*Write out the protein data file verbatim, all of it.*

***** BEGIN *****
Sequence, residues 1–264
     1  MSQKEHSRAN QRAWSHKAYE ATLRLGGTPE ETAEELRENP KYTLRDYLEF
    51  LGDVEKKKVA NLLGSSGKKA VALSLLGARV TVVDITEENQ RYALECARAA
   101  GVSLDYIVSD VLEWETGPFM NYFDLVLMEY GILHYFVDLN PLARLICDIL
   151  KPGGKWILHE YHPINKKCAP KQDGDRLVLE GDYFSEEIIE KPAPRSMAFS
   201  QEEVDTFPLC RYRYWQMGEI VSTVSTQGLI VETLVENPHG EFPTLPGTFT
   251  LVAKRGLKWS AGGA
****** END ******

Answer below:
Sequence, residues 1–264
     1  MSQKEHSRAN QRAWSHKAYE ATLRLGGTPE ETAEELRENP KYTLRDYLEF
    51  LGDVEKKKVA NLLGSSGKKA VALSLLGARV TVVDITEENQ RYALECARAA
   101  GVSLDYIVSD VLEWETGPFM NYFDLVLMEY GILHYFVDLN PLARLICDIL
   151  KPGGKWILHE YHPINKKCAP KQDGDRLVLE GDYFSEEIIE KPAPRSMAFS
   201  QEEVDTFPLC RYRYWQMGEI VSTVSTQGLI VETLVENPHG EFPTLPGTFT
   251  LVAKRGLKWS AGGA